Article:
Such was the popularity of spiritualism, magic became big business, exploited by savvy entertainers for sensational live shows. Even now, when we know that performers such as Derren Brown deal in illusion and not reality, we continue to be transfixed.
This exhibition explores not only our fascination with magic, but also sets out the science behind the trickery, revealing that much of what appears to be happening in front of our very eyes is down to our psychology and the skills of conjurers, not the paranormal.
In 1882 the Society for Psychical Research – an early myth busting organisation that survives to this day – started to test the claims of clairvoyants and mediums, employing the help of magicians like Harry Houdini to expose the tricks of the trade. This research fed into psychological studies that investigated perception and how misdirection, sleight of hand and the powers of suggestion are used to exploit the natural workings of our minds.
There are some fascinating pieces on display here including a ‘haunting and poltergeist detection kit’ dating between 1920 and the 1960s and a colourful array of posters espousing equally colourful claims around clairvoyance and contacting the dead. Gradually, methodically, we are introduced to the strategies of deception, the examination of which has fed into psychological studies of how we perceive the world around us.
Left: Poster advertising a Maskelyine and Cooke performance at Egyptian Hall.Courtesy of The British Library. Right: Poster advertising Mrs Daffodil Downey’s séance at the Egyptian Hall. Courtesy of The British Library.
It might surprise visitors to learn, for example, that our brains operate on a time delay of a 10th of a second. This is how long it takes for our minds to process what we are seeing. Although we don’t notice this lag, the truth is that everything we are seeing has already happened, and to compensate our brains need to make predications about the future. Magicians use their knowledge of such psychological loopholes to their advantage.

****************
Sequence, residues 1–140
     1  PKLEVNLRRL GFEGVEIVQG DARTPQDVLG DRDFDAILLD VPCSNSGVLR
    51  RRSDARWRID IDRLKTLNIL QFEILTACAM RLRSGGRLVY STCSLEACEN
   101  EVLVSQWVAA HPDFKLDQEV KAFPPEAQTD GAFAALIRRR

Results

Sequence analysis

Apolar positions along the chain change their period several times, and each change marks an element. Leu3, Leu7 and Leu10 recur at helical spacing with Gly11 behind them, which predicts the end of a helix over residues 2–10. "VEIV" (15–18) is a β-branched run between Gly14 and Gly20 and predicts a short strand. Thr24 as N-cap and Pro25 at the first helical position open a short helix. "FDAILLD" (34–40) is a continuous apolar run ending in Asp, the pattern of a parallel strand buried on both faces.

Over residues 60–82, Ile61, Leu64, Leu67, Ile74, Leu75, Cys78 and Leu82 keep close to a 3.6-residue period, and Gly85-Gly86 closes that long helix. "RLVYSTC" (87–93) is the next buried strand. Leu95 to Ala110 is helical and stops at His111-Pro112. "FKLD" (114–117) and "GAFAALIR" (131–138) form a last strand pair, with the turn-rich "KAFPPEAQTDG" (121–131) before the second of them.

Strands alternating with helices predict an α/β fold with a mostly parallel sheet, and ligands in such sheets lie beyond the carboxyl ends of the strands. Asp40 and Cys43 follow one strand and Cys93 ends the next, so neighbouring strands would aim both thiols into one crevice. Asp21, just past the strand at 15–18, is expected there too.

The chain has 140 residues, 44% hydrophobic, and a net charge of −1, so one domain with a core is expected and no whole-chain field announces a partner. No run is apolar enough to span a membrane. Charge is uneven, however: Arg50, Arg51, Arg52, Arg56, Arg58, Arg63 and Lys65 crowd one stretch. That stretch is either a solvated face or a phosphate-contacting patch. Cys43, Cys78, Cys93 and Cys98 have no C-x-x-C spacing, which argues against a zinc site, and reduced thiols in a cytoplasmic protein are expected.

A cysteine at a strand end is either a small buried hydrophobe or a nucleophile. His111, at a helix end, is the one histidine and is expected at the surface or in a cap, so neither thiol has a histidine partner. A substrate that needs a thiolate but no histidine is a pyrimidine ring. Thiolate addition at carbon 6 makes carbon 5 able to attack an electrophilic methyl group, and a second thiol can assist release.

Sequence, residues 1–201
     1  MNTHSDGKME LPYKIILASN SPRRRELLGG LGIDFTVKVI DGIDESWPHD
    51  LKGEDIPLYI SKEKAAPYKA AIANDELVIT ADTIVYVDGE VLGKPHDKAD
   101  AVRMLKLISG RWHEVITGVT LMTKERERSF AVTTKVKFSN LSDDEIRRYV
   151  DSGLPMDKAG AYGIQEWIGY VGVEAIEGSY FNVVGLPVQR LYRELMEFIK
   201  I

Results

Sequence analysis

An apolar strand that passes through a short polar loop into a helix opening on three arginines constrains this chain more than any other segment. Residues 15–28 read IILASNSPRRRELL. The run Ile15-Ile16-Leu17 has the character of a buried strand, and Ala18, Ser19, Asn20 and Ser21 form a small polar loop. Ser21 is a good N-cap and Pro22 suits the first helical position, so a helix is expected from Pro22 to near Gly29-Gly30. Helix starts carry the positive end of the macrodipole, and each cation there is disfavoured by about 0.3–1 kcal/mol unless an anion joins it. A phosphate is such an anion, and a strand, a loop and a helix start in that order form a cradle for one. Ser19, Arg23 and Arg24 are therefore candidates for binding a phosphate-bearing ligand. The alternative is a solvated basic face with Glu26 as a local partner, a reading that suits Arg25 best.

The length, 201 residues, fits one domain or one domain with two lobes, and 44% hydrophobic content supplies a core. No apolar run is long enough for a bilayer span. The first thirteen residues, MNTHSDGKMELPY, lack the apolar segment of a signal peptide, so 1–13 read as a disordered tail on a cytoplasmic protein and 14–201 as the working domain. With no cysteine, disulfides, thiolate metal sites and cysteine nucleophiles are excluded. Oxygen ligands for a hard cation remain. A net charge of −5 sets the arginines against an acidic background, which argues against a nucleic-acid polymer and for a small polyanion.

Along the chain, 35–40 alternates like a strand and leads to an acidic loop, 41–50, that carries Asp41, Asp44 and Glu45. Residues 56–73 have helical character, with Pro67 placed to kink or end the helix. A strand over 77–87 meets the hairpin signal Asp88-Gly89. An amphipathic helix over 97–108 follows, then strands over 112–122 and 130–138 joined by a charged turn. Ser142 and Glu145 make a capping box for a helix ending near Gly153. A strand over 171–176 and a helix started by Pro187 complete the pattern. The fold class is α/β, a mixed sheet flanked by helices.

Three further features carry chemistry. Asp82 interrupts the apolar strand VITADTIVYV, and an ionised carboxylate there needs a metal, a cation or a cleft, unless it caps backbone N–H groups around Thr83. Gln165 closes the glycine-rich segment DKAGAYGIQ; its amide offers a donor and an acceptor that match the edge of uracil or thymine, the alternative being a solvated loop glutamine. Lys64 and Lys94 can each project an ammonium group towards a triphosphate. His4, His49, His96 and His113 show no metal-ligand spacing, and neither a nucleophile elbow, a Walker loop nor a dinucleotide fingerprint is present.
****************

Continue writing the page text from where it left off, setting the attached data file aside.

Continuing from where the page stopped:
Memory is also a key tool for conjurers and mentalists, and the study of this has huge implications on how we understand our interaction with the world. Memory is fallible and this exhibitions highlights how even our political biases can distort how we recall certain events.
We are also alarmingly vulnerable to the power of suggestion. An experiment – outlined in the last gallery – used a fake MRI scanner to convince participants that the machine was able to control their thoughts. The scanner was merely a prop, but people reported feeling as though numbers were being 'planted' into their brains.
This exhibition is fun. There are plenty of opportunities to pit your wits against the masters, to question your own beliefs and peruse the props of entertainers who have made their livings wowing stunned audiences. But there is a serious message here, too. In an era of fake news, political sabotage and digital manipulation, recognising our mental limits is more important than ever.
|What||Smoke and Mirrors: The Psychology of Magic, Wellcome Collection review|
|Where||Wellcome Collection, 183 Euston Rd, London, NW1 2BE | MAP|
|Nearest tube||Euston Square (underground)|
11 Apr 19 – 15 Sep 19, Tuesday – Sunday. 10am – 6pm